When Sugar Management Goes Awry

Digestible carbohydrates are broken down in the intestine into their simplest form, sugar, which then enters the blood. As blood sugar levels rise, special cells in the pancreas churn out more and more insulin, a hormone that signals cells to absorb blood sugar for energy or storage. As cells sponge up blood sugar, its levels in the bloodstream fall back to a preset minimum. So do insulin levels.

In some people, this cycle doesn't work properly. People with type-1-diabetes (once called insulin dependent or juvenile diabetes) don't make enough insulin, so their cells can't absorb sugar. People with type-2 diabetes (once called non insulin dependent or adult onset diabetes) usually start out with a different problem - their cells don't respond well to insulin's "open up for sugar" signal. This condition, known as insulin resistance, causes both blood sugar and insulin levels to stay high long after eating. Over time, the heavy demands made on the insulin making cells wears them out, and insulin production slows, and then stops.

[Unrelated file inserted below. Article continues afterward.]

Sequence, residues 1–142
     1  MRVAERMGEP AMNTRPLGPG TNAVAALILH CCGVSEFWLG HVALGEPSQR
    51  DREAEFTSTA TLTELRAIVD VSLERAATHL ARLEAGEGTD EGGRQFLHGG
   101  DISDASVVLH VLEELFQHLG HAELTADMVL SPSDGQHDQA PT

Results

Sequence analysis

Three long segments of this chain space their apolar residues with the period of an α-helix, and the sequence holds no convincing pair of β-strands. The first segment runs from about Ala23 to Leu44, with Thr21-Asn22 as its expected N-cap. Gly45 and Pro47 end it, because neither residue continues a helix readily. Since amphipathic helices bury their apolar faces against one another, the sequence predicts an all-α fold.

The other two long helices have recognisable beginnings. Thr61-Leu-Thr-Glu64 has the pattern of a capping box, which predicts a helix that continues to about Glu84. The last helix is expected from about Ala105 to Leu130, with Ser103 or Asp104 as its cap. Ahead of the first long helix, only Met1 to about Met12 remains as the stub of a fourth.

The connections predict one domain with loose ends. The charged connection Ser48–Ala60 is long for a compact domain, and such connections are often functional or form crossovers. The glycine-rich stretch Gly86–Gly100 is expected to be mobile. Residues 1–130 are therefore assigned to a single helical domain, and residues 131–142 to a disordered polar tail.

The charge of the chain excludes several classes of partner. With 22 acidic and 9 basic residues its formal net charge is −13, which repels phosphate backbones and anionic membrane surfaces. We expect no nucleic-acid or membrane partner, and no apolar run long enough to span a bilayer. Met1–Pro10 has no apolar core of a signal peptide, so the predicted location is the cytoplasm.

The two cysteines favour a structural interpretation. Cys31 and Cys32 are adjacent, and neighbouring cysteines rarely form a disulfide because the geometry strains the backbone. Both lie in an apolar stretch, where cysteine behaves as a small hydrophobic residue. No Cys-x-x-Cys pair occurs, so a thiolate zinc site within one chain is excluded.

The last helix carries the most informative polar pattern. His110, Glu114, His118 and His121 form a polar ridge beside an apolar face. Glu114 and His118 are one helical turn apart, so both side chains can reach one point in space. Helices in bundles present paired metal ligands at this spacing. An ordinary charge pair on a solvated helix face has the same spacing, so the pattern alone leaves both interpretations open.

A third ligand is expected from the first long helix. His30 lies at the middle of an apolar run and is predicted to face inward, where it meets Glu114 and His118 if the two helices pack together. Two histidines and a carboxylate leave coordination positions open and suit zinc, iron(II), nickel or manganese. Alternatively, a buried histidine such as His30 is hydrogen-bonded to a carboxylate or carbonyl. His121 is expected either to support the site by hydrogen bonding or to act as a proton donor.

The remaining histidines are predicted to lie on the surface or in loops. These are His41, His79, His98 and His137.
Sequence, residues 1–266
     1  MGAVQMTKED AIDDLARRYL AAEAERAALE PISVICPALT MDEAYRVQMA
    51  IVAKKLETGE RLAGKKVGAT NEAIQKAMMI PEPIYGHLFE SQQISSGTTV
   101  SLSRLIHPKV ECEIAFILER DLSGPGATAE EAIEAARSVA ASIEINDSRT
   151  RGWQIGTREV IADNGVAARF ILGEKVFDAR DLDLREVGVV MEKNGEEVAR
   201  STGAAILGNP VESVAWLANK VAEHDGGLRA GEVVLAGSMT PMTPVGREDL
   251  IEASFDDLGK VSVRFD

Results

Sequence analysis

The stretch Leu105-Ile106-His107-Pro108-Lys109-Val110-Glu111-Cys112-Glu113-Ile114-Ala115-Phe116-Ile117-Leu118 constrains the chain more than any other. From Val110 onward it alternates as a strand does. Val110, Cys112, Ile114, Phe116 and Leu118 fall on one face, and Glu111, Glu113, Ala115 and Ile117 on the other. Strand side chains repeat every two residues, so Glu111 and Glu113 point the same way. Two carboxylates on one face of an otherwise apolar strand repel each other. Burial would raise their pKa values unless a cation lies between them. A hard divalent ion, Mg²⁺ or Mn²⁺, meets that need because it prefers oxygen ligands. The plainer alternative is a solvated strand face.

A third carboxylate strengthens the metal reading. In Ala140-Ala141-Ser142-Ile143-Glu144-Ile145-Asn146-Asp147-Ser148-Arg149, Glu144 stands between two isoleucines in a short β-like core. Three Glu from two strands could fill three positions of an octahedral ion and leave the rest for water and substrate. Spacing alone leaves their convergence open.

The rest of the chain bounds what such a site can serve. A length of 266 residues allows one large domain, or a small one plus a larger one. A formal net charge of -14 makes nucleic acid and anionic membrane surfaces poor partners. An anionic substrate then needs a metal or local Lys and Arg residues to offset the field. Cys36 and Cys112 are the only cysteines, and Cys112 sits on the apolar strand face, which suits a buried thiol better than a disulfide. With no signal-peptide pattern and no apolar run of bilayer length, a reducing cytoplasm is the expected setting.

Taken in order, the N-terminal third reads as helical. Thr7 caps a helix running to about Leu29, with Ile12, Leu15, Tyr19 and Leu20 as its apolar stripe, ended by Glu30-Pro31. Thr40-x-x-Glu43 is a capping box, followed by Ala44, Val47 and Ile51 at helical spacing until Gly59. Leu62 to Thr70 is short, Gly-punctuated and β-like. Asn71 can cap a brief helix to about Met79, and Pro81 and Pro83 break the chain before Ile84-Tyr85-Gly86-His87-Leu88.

Insulin resistance isn't just a blood sugar problem. It has also been linked with a variety of other problems, including high blood pressure, high levels of triglycerides, low HDL (good) cholesterol, heart disease, and possibly some cancers.

Genes, a sedentary lifestyle, being overweight, and eating a diet filled with foods that cause big spikes in blood sugar can all promote insulin resistance. Data from the Insulin Resistance Atherosclerosis Study suggests that cutting back on refined grains and eating more whole grains in their place can improve insulin sensitivity.

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